Why women’s R and A membership isn’t enough
Robert Chadwick on the next steps for women in sport…
There has always been gender inequality in sport. Ever since the first caveman challenged his missus to a throwing contest and realised he had been born with a slight physical advantage, the history of sport has been very much a one horse race. Men invented sport, men played sport, and then, in their retirement, men got to sit in the BBC studio and talk about sport. All the while, women have been sat on the side-lines, twiddling their thumbs, and wondering when they might get their turn.
There are evident signs however, that this male grip on sport is coming undone. In 1998, women were admitted to the prestigious Marylebone Cricket Club for the first time and, more recently, the members of the Royal and Ancient Golf Club in St Andrews voted to admit women. These small advances will nonetheless be hollow victories if there isn’t a shift in the way women’s sport is viewed by society as a whole. In her recent speech to the UN General Assembly, Emma Watson described how many of her pals dropped out of their beloved sports teams for fear of the judgement they would receive from others. There is undoubtedly a major double standard at grassroots level – the boy with the best close control of a football in the playground is invariably popular, but a girl who can hit a ball a long way is at best ignored and at worst ridiculed for being weird and butch – and this has to change.
Male sports figures, automatically it seems, hold the respect and reverence of the international community. Fantastically well paid, they are coveted as the role models and heroes of the common people. Men can identify with these sporting heroes on an intrinsic level, and it is not only socially acceptable for a young boy to wish to play professional sport, but it is, in fact, encouraged. While, for young men, making a career out of sport appears to be an appealing and relatively accessible goal, sadly, the opposite is true for young women. There are far fewer heroes from whom they can take inspiration, and, consequently, the path to becoming a professional sportswoman can appear rather unappetizing. Furthermore, those women who are in the media spotlight are often sexualised and treated poorly. A mockery is made of their professionalism as attention is shifted away from their sporting talents and onto their looks, legs or backside. During the Wimbledon 2013, for instance, one commentator even mused on air whether or not French tennis star Marion Bartoli’s father had ever told her she was ugly (no such speculation was made about Andy Murray). It is for reasons such as these that interest in sport is dominated by men – not, as some would state, because men are bigger, stronger and more likely to be naturally better at sport. To truly advance the case for gender equality in sport, a combined effort from the media, sporting institutions and schools is required to break the taboo that women playing sport at the elite level is somehow unattractive and to help create sporting stars to whom women can relate.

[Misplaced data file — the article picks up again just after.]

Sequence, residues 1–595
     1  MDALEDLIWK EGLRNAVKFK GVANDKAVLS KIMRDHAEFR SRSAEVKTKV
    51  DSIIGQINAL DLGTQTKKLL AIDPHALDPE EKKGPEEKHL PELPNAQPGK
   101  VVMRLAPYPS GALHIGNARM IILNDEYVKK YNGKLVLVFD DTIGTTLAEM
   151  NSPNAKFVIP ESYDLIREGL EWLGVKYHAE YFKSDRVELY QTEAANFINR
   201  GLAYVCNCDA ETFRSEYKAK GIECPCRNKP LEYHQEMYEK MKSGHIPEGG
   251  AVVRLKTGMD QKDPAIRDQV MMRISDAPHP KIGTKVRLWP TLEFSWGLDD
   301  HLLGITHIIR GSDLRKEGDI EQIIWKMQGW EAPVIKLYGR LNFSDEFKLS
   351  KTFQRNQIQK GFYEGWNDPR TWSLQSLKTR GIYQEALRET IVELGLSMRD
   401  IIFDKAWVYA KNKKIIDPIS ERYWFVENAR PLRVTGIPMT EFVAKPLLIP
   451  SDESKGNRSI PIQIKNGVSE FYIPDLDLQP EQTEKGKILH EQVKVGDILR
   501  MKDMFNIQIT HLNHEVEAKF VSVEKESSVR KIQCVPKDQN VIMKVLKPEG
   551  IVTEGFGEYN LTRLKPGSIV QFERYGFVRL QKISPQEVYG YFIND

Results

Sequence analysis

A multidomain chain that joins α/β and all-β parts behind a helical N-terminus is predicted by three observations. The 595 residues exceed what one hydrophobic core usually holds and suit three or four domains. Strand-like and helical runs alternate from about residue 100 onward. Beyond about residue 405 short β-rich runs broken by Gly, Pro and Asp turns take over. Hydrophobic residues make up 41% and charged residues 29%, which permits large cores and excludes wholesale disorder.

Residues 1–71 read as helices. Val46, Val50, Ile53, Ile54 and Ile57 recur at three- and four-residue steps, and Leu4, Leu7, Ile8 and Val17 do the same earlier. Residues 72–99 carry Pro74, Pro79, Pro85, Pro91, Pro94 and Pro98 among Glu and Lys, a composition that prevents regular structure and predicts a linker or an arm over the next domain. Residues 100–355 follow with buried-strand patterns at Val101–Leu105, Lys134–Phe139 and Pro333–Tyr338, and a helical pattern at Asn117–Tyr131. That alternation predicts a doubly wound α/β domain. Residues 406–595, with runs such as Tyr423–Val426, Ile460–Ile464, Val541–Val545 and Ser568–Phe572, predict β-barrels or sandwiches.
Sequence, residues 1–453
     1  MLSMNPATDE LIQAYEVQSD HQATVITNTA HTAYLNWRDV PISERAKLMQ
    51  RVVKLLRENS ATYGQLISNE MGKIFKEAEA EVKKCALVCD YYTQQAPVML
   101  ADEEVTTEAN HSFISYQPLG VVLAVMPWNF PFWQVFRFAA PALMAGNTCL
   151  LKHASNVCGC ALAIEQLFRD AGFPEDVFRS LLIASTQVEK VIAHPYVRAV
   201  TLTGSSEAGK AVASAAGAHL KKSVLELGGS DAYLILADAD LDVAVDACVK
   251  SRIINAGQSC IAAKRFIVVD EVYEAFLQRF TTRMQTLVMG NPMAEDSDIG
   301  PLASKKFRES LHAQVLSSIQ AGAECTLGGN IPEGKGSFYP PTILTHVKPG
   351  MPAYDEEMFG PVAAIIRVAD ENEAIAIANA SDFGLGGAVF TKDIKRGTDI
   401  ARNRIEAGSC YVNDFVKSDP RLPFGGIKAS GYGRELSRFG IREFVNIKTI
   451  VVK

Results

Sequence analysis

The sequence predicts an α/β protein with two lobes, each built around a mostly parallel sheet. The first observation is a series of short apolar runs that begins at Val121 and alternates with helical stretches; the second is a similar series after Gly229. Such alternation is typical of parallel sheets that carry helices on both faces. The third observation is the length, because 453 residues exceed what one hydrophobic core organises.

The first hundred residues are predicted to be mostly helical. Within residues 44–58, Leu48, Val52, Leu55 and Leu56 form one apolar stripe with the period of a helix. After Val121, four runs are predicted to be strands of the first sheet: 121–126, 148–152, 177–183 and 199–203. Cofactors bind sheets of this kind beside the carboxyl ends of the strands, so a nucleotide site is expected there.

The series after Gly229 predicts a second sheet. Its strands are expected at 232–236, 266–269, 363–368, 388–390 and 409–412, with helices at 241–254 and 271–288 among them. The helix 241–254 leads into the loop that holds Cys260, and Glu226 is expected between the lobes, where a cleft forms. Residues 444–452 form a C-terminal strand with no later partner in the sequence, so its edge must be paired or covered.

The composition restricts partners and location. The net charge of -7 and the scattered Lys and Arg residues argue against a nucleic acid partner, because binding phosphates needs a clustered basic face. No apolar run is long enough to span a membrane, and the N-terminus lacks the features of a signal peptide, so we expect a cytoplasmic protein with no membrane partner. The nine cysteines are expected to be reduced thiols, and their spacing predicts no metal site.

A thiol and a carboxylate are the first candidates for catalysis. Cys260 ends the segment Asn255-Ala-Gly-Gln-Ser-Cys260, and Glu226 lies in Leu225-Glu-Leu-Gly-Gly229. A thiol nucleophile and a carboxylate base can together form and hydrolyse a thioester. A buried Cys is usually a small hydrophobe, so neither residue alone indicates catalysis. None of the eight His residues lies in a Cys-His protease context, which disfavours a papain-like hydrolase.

The example of England and Wales Cricket Board (ECB) is, in my view, perhaps the best example to follow in the fight to advance gender equality in sport. In recent years, the ECB have pumped huge sums of money into women’s cricket, investing in the women’s game at grassroots level whilst also creating the first professional women’s cricket team. Female participation in cricket has soared, with numerous amateur clubs now fielding women’s teams for the first time. Young women cricketers have prolific heroes with whom they can identify. England captain Charlotte Edwards, for example, is a household name for any cricket fan. This not only a result of her plentiful achievements on the cricket field, but also thanks to her tireless promotion of women’s grassroots cricket through the Chance to Shine charity. For young girls interested in cricket, making a career out of the sport is fast becoming an appetising and accessible goal.
Through the increased reporting of women’s cricket in magazines such as The Cricketer and the emergence of female pundits at the highest level, there are comparably few negative connotations with female participation in the sport. Listeners of Test Match Special this summer were treated as Alison Mitchell, the first regular female member of the commentary team, shared regular commentary stints with the brash and uncompromising Geoffrey Boycott. The fact that she not only stood up to his unwavering criticism of her analysis of the game but even regularly exposed deficiencies in his line of thought highlights the absurdity of the idea that elite sport is the realm of men. Of course, cricket isn’t the finished article, and the fact that the likes of Boycott are still so dominant shows that there is a long way to go. In a relatively short space of time, however, women’s cricket has gone from something on the periphery of the ECB’s agenda to commanding a focus equal to that of the men’s game. It is an example that could and should be followed by other team sports so totally dominated by men.
Image credit: Jim Bain, via Wikimedia Commons